Printer-friendly format  Article citation        


Dance Education: A Response to Elizabeth Dempster

Drid Williams


Writing about dance departments in colleges and universities in the United States would not be complete without prior mention of a trained biologist, Margaret H'Doubler,1 who not only taught the first dance classes but established the first degree programs in dance education under the auspices of the Physical Education Department at the University of Wisconsin, Madison, in 1926. Mention of H'Doubler also permits informing readers about the early structure and development of the Wisconsin department, because, in the early years, this department not only became a kind of model for other dance departments throughout the country, but its curriculum was an important identifying feature of the field of dance education.

     The anonymous Wikipedia website on H'Doubler's "Dance Pedagogy" informs the reader that

H'Doubler began teaching dance in the summer of 1917. She described dance as an art and science which formed her foundation. Her theory of dance was viewed as acceptable because it was feminine and aesthetic [Wilson, Hagood, and Brennen 2006: 23]. She taught exercises based on her idea of natural body movement—movement that did not require formal dance technique. She started with her students on the floor and then progressed to standing positions. She was also interested in how the body would react to the "structural changes of position of the body" and "self generated creativity" [Wilson, Hagood, and Brennen 2006: 22]. She wanted her students to express their own ideas and feelings through movement. She would often ask them to describe their movements in scientific terms.

After discovering her theory of teaching dance, she wrote a book, Manual of Dancing: Suggestions and Bibliography for the Teacher of Dancing in 1921. Her fourth book, Dance: A Creative Art Experience, was published in 1940. In this book, she explains her theory of dance pedagogy about the expression of one's own thoughts and feelings through dance. She states that the technique is "training the mind to use the body as an expressive instrument" [H'Doubler 1940: xi]. She explains the teachers' ability to inspire confidence in the students so they will not be afraid of what they will reveal when expressing their own feelings through dance [ibid., xxi].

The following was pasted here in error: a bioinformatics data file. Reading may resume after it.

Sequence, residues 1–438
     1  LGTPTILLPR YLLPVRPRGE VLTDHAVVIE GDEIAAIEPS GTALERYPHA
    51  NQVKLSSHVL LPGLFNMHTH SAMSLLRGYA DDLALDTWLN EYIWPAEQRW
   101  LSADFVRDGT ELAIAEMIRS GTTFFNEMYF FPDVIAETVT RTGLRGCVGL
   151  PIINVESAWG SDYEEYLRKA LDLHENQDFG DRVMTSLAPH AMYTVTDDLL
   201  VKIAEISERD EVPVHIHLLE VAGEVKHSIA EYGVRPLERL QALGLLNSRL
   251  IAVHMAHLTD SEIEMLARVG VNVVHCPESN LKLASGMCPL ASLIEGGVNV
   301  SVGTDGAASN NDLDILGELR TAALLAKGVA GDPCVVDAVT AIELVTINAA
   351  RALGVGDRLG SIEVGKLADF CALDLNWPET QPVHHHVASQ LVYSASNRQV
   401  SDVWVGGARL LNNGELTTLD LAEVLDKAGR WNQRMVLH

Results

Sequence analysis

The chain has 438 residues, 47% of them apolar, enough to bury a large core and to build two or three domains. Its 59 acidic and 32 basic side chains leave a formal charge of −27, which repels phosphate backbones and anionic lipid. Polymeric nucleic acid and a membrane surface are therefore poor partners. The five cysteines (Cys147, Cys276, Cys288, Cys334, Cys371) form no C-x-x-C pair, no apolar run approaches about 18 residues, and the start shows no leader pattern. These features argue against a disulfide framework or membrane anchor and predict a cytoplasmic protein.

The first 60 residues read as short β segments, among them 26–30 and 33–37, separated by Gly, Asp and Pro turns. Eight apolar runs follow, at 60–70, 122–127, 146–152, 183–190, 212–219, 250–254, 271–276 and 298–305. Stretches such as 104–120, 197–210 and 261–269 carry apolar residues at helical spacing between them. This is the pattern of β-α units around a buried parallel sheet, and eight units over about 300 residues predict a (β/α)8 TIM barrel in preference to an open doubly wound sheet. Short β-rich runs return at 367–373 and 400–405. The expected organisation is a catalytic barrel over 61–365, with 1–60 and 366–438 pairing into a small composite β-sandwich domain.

H'Doubler's approach to dance education was to "enable each individual to live as fully as possible" and [she believed that] "the educational process must be based upon scientific facts concerning the nature of human life" (Wilson, Hagood and Brennan 2006: 216).2

     Currently, there are approximately 130 departments of dance in the United States, each with unique histories and pedagogics.3 Not all of them conform to the idea of dance education envisioned by H'Doubler, who wanted everyone to be able to experience 'dance' and what it could do for them in their lives. Her contribution, including the "Orchesis Dance Club," centered around the notion of dance education for everyone, especially women, because, at the turn of the century, physical education and sports in America was almost entirely dominated by men.4

     My interest in the Wisconsin department is threefold. First, I was employed to teach there in 1963.5 It was my first teaching experience in the "academy" (as Dempster calls it). It was a good experience, although I spent very little time in Lathrop Hall or on the Madison campus because most of my work was done teaching in university extension centers all over the state, during a time when the borders of the state were considered to be the boundaries of the campus.

     Second, my concept of dance education was (and still is) influenced by H'Doubler's approach. That is, the geographical shift from teaching and working in New York to teaching in Wisconsin was, for me, a shift in teaching and working with professionals in New York to teaching and working with nonprofessionals in Wisconsin, where I became a dance educator.6